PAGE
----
- How do I know if I’m deficient? Swollen tongue and a burning sensation in the mouth. Severe deficiency can lead to pellagra, with symptoms including cracked skin, diarrhoea and dementia.
Vitamin B6 (also known as pyridoxine)
- What it does: Helps red blood cells carry oxygen around the body. Enables the body to store and use proteins and carbohydrates in food.
- Where can I get it? Fish, poultry, rice, eggs, bread, vegetables, potatoes.
- How do I know if I’m deficient? Mood swings, anxiety, irritability, depression.
Vitamin B9 (also known as folic acid)
- What it does: An essential aid to new cell creation. Vital in early pregnancy as it helps prevent conditions such as spina bifida. May reduce the risk of some cancers.
- Where can I get it? Many green vegetables (asparagus, cabbage, spinach, broccoli), orange and tomato juice.
- How do I know if I’m deficient? Causes folate deficiency anaemia (i.e. your body produces abnormally large red blood cells that can’t function properly) which may make you feel tired, with loss of energy and appetite. Effects may also include ulcers, memory loss, pins and needles.
Vitamin B12 (also known as cobalamin)
- What it does: Helps make red blood cells and DNA. Keeps the nervous system healthy. Breaks down some fatty acids.
- Where can I get it? Salmon, cod, meat, cheese, eggs.
- How do I know if I’m deficient? Numbness in the limbs, memory loss, dementia.
- What it does: Helps wounds to heal faster. Keeps blood vessels and bones healthy. Keeps cells and skin healthy. May boost the immune system.
- Where can I get it? Citrus fruits and fruit juices, tomatoes, sprouts, spinach, broccoli, strawberries.
- How do I know if I’m deficient? Bleeding gums, split hair, rough, dry skin, prone to illness and infection. In severe cases, can lead to scurvy.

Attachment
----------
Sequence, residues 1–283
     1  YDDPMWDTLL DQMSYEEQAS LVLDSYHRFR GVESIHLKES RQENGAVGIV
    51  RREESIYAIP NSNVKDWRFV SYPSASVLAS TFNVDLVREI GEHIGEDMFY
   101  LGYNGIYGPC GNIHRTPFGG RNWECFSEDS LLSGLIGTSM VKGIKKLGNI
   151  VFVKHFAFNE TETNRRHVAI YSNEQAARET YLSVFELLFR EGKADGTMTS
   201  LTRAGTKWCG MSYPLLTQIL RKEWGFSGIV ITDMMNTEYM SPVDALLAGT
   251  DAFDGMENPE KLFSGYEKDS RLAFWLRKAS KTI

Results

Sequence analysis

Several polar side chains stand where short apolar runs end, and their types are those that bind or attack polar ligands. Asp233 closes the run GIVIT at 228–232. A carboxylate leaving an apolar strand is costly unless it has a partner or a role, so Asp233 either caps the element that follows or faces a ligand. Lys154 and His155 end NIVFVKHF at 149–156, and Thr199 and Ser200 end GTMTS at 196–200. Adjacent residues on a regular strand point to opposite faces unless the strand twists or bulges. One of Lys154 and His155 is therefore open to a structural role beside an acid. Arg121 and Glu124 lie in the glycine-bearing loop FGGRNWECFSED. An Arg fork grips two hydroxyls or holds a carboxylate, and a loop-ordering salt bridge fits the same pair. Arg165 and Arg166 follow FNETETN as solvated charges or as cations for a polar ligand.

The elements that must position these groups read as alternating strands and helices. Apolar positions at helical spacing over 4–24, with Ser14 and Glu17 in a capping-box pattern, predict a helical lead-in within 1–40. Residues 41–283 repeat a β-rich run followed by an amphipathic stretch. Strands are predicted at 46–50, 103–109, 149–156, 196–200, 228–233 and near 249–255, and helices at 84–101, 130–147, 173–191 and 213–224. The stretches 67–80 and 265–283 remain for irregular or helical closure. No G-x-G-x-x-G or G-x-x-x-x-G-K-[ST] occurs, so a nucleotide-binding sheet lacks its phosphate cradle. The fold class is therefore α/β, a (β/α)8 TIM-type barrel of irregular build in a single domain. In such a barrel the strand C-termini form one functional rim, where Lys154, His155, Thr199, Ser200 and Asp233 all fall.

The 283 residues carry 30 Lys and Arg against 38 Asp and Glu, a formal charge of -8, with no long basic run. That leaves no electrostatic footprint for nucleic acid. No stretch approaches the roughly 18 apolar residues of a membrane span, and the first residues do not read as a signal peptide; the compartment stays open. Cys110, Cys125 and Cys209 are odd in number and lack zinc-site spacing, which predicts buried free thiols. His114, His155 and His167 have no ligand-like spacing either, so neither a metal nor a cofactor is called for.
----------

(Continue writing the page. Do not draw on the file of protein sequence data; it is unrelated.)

- What it does: Supports healthy bones, teeth and muscles.
- Where can I get it? Oily fish, red meat, liver, egg yolks, sunlight.
- How do I know if I’m deficient? Bone pain and muscle weakness are subtle signs. Severe deficiency causes rickets, and has been linked with some cancers, heart disease and asthma.
- What it does: Boosts the immune system, helps maintain healthy eyes and skin.
- Where can I get it? Nuts, seeds and cereals; plant oils (e.g. olive or sunflower oil)
- How do I know if I’m deficient? Muscle weakness, vision issues, prone to illness.
If the test reveals a deficiency in one or more vitamins, changing your diet to include more of the foods listed above is the simplest way of addressing the imbalance. In addition to the above foods, many breakfast cereals are fortified with several vitamins. If amending your diet isn’t possible, vitamin supplements may help, but it’s as important to avoid taking too many vitamins as too few. Before you begin a course of supplements, talk to your GP.
How do I get tested?
Better2Know Your Body’s essential vitamins testing can give you comprehensive clarity over your vitamin levels, with a simple blood test that will help you understand which vitamins to increase or decrease.
To get tested and find out what is causing your ill health please contact Better2Know your Body on the number above or click book now on the button below.